They said it was a very poor country that was wide open to the hope to child advocacy. So we said we would pray about it before our big Compassion sponsorship weekend.

Just after that conversation, a team from my church flew to Washington D.C. to work with some inner city ministries.

We decided to visit the Burkina Faso embassy to learn about the country.
Driving down Massachusetts Ave in the northwest quadrant of Washington D.C. can be very impressive. The architectural brilliance of the Japanese and British Embassies helped create a harsh reality of how poor the country Burkina Faso was.

We drove up the street, to a narrow two story “row” house made of brick, tucked away, only to be seen by the small Burkina Faso flag waving above the weathered front door.

As we entered the building, the lobby had a few misplaced pictures on the wall and wooden floors worn and faded. There was a waiting room next to the lobby filled with unalike chairs and furniture.

We went upstairs to meet with a representative and they ushered us into a board room that was simple but functional.

The people were so kind and very surprised they had guests.

We told them that we were getting ready to invest in 100’s of children through Compassion International’s sponsorship program in their country, and asked what were the main things we should be praying for?

The gentlemen and his assistant seemed startled by the request. They told us to pray for enough rain, not too much, not too little, just enough so that their crops would be plentiful this year, and to pray for those infected by malaria and other diseases, and to pray for the families that were living under the weight of extreme poverty.

We prayed together, and as we were saying our goodbyes, the gentlemen pulled me aside and said, “Thank you so much for coming here, we have never had anyone come into the Embassy to pray for us. I am a Christian, and I am so excited about your work with Compassion, I will be praying for you and your church that you will be blessed by blessing my country.” I will never forget that kind, hopeful smile.

Funny how things go, I had just heard of the country Burkina Faso, and now God was giving us a huge burden and interest for the country.

Later that day, we were eating at a restaurant in China town, in downtown D.C., and as we were getting ready to leave, the busboy at our table said, “Thank you for coming, have a nice day”, with a very thick African accent.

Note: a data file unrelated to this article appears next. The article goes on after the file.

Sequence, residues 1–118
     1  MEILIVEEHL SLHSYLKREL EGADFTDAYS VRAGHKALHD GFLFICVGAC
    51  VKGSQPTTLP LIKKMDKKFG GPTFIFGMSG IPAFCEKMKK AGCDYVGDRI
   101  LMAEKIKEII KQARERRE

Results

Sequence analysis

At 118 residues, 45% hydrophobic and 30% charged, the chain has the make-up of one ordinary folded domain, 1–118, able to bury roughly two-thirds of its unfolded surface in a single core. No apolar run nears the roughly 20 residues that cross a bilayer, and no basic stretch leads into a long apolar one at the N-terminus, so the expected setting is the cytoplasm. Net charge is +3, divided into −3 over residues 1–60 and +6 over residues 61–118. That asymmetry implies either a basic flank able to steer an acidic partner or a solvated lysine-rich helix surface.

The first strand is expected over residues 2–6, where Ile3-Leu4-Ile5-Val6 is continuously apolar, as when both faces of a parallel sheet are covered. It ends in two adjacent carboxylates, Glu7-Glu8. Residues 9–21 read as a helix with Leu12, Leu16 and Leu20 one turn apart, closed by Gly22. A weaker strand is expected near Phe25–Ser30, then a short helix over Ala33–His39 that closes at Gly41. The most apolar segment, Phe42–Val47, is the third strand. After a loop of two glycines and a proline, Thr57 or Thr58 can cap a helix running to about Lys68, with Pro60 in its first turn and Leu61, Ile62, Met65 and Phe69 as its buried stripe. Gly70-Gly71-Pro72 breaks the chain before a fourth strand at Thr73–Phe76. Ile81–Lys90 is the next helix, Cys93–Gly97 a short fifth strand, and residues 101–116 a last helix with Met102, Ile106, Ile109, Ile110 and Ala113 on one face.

We walked out the door, but something inside me told me to go back in and ask the young man where he was from. I walked back in and asked and the young man said, “I am from Burkina Faso.”

Tears filled my eyes as I smiled, shook his hand and told him “God bless you and your country.” He smiled and said very sweetly, “Thank you, my country is beautiful and very much in need of God’s blessings.”

I walked out on to the busy streets of D.C. in amazement about how God works. I had never heard of Burkina Faso a few weeks before, and I had certainly never met anyone from there and within one day, I got to pray in its embassy and meet someone from there “randomly” at a restaurant.

God certainly has a way of showing us what we should be involved with.

A month later families from our church sponsored about 400 children from Burkina Faso and Bono’s kick in the butt was in full swing. (Today, we have about 600 children from Burkina Faso sponsored and over 1200 children worldwide.)

Since then, I have been to Burkina Faso twice to see many of the Compassion projects and churches in the capital town of Ouagadougou.

I got to spend time with the 3 children my family sponsors from Burkina. Lionel, Issouf and Larissa. They are more beautiful than you can imagine.

Words seem to fall short when trying to describe the impact Compassion is making. I knew that Compassion helped children, but never could I imagine the lengths and depth to which it reaches.

We saw children being able to go to school because of the resources Compassion offers them.

We saw tutoring and continued education at the after school project sights.

We saw simple health care and education as well as serious life saving HIV drugs helping mothers and children live.

I sat in dark, stifling hot hut of a mother and sponsored child, both who were HIV positive and fully alive because of the HIV drugs that were provided by Compassion while educating them on how to take them.

We saw micro-financing for families in the program that allowed greater profits as well as business education for sustainability.

We saw clean water being brought into projects and villages along with education about water and the importance of washing hands before meals.